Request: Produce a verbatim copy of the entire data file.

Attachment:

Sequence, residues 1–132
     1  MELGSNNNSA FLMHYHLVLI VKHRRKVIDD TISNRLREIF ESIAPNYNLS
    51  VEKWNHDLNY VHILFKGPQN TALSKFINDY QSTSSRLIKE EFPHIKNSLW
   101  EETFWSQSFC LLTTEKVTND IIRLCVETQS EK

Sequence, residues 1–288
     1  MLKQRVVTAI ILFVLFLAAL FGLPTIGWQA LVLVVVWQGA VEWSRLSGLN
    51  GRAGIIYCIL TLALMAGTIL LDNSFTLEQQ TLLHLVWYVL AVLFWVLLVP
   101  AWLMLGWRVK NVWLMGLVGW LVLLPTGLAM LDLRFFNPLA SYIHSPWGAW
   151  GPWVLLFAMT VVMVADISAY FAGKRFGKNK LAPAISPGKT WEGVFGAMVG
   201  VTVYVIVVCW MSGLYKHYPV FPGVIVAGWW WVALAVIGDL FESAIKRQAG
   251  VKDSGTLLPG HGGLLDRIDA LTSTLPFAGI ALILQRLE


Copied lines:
Sequence, residues 1–132
     1  MELGSNNNSA FLMHYHLVLI VKHRRKVIDD TISNRLREIF ESIAPNYNLS
    51  VEKWNHDLNY VHILFKGPQN TALSKFINDY QSTSSRLIKE EFPHIKNSLW
   101  EETFWSQSFC LLTTEKVTND IIRLCVETQS EK

Sequence, residues 1–288
     1  MLKQRVVTAI ILFVLFLAAL FGLPTIGWQA LVLVVVWQGA VEWSRLSGLN
    51  GRAGIIYCIL TLALMAGTIL LDNSFTLEQQ TLLHLVWYVL AVLFWVLLVP
   101  AWLMLGWRVK NVWLMGLVGW LVLLPTGLAM LDLRFFNPLA SYIHSPWGAW
   151  GPWVLLFAMT VVMVADISAY FAGKRFGKNK LAPAISPGKT WEGVFGAMVG
   201  VTVYVIVVCW MSGLYKHYPV FPGVIVAGWW WVALAVIGDL FESAIKRQAG
   251  VKDSGTLLPG HGGLLDRIDA LTSTLPFAGI ALILQRLE